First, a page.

Next Article in Journal
The Use of Shells of Marine Molluscs in Spanish Ethnomedicine: A Historical Approach and Present and Future Perspectives
Next Article in Special Issue
Integrative Approach for Designing Novel Triazole Derivatives as α-Glucosidase Inhibitors: QSAR, Molecular Docking, ADMET, and Molecular Dynamics Investigations
Previous Article in Journal
Uridine Diphosphate Glucose (UDP-G) Activates Oxidative Stress and Respiratory Burst in Isolated Neutrophils
 
 
Font Type:
Arial Georgia Verdana
Font Size:
Aa Aa Aa
Line Spacing:
Column Width:
Background:
Article

Self-Assembling Polymers with p-Aminosalicylate Anions Supported by Encapsulation of p-Aminosalicylate for the Improvement of Drug Content and Release Efficiency

Department of Physical Chemistry and Technology of Polymers, Faculty of Chemistry, Silesian University of Technology, 44-100 Gliwice, Poland
*
Author to whom correspondence should be addressed.
Pharmaceuticals 2023, 16(10), 1502; https://doi.org/10.3390/ph16101502
Submission received: 12 September 2023 / Revised: 13 October 2023 / Accepted: 17 October 2023 / Published: 23 October 2023
(This article belongs to the Special Issue Triazole and Derivatives in Medicinal Chemistry)

Abstract

:
Bioactive linear choline-based copolymers were developed as micellar carriers for drug delivery systems (DDSs). The polymethacrylates containing trimethylammonium groups with p-aminosalicylate anions (PAS-based copolymers: series 1) or chloride anions (Cl-based copolymers: series 2) differing in ionic content and chain length were selected for drug loading. The diverse structures of amphiphilic copolymers made it possible to adjust the encapsulation efficiency of a well-known antibiotic, i.e., p-aminosalicylate in the form of sodium salt (PASNa) or acid (PASA), providing single drug systems. Goniometry was applied to verify the self-assembly capacity of the copolymers using the critical micelle concentration (CMC = 0.03–0.18 mg/mL) and the hydrophilicity level quantifying the surface wettability of polymer film using the water contact angle (WCA = 30–53°). Both parameters were regulated by the copolymer composition, indicating that the increase in ionic content caused higher CMC and lower WCA, but the latter was also modified to a less hydrophilic surface by drug encapsulation. The drug content (DC) in the PAS-based polymers was increased twice by encapsulation of PASNa and PASA (47–96% and 86–104%), whereas in the chloride-based polymer systems, the drug was loaded in 43–96% and 73–100%, respectively. Efficient drug release was detected for PASNa (80–100% series 1; 50–100% series 2) and PASA as complete in both series. The strategy of loading extra drug by encapsulation, which enhances the drug content in the copolymers containing anions of the same pharmaceutics, provided promising characteristics, which highlight the potential of PAS-loaded micellar copolymers for drug delivery.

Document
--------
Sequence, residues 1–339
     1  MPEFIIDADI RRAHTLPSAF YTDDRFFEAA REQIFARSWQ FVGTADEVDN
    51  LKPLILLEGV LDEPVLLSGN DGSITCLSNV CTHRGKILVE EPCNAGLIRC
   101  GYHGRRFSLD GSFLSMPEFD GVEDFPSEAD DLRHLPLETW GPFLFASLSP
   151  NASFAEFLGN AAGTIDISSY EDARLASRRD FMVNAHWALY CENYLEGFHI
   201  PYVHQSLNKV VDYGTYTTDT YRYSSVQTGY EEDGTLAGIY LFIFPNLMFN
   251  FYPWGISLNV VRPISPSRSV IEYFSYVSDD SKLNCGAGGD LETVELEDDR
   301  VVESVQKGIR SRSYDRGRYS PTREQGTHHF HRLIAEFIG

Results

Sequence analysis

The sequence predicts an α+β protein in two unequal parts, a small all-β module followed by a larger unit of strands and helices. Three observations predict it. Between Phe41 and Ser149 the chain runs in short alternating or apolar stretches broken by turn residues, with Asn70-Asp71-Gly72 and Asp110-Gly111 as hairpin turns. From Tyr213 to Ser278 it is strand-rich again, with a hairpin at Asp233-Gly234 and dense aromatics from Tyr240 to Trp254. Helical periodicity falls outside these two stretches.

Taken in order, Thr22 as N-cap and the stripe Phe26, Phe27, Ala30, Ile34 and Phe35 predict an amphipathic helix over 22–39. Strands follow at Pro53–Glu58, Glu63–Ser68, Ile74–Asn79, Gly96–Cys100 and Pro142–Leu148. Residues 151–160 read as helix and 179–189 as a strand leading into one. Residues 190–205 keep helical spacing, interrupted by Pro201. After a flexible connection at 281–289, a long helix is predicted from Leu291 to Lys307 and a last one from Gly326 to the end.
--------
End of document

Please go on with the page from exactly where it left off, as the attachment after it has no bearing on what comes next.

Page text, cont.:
1. Introduction

Polymers in the development of nanocarriers have garnered significant attention, and their potential in the field of medical applications is extensive, including in drug delivery systems (DDSs) [1,2]. The structures of polymers play a crucial role as they can be effectively utilized to engineer nanoparticles with a wide range of morphologies and architectures [3,4]. The unique feature of polymer carriers is attributed to their nanodimensions [5], which enables them to reach targeted cells and even intracellular organelles [6]. Drug-loaded polymer nanocarriers have gained approval for treating a wide range of diseases [7], mostly by the design of systems for anticancer therapy, tumor-targeted immunotherapy, and regenerative medicine or modern vaccines [8]. The polymer carriers can enhance the solubility of drugs, improving their efficient loading and intracellular absorption, and minimize undesired interactions between drugs and cells, concurrently exhibiting optimal stability, biocompatibility, and optional biodegradability. Drugs can be conjugated with polymers [9] and/or loaded in the polymer nanostructures, such as micelles [10], gels [11], vesicles [12], dendrimers [13], capsules [14], etc.
Polymeric micelles are common and stable nanostructures formed by amphiphilic macromolecules in aqueous environments [15,16]. Their self-assembling behavior allows for the formation of various types of polymeric micelles, depending on the composition of copolymers, the nature of interchain interactions, and the micellization method. The amphiphilic polymers demonstrate a distinct advantage in carrier design [17] in comparison to low molecular weight surfactants. Their lower values of critical micelle concentration (CMC) indicate increased stability and enhanced performance of polymeric micelles, ensuring efficient drug encapsulation, protection, and controlled release, which make them highly desirable in drug delivery applications.